Immediately, they started in, speaking quickly and powerfully—and even somewhat emotionally—describing the intended impact: organizations being well-led, people looking forward to coming to work, the various client systems unleashing their best effort to change things for the better.
‘OK,’ I said, ‘now we’re talking! Those are things I can really get behind!’ Then we began to talk about how the magazine could become one of several vehicles (‘wagons’) to help individuals and their organizations go ‘West.’
Managing a Westward-Moving Wagon Train
Look back at the beginning of this piece at that numbered list of necessary ingredients. Number 4: Simple and useful measures as to how people and teams are doing (in going ‘West’), and number 5: Accountability and acknowledgement tied to those measures. You had better be able to check on your progress and make sure people are aware of the natural consequences of operating their ‘wagons’ effectively and moving in the right direction—and what happens when they don’t. That’s management. And somebody had better be tending to that, every day if possible. Everyone needs to know ‘How we’re doing.’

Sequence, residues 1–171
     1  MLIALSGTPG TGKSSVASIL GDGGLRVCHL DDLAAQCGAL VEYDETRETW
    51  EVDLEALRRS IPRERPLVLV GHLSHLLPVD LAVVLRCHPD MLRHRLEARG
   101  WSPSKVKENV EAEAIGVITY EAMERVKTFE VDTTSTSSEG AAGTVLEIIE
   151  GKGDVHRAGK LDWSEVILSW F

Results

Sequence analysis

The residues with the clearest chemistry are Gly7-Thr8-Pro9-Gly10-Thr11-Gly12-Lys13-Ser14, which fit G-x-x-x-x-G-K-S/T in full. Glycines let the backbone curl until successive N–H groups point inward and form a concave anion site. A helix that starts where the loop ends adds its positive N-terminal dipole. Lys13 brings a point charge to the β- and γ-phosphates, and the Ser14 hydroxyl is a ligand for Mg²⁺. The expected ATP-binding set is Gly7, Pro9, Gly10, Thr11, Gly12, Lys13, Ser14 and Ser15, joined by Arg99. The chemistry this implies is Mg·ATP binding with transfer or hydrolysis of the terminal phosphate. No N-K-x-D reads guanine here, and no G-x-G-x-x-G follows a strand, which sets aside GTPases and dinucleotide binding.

Leading a Westward-Moving Wagon Train
But someone needs to be continuously reminding people:
❑ ‘Now, remember: this is where we are headed and why.’
❑ ‘Now, remember, this is where we are headed and why.’
❑ ‘Now, remember: this is where we are headed and why.’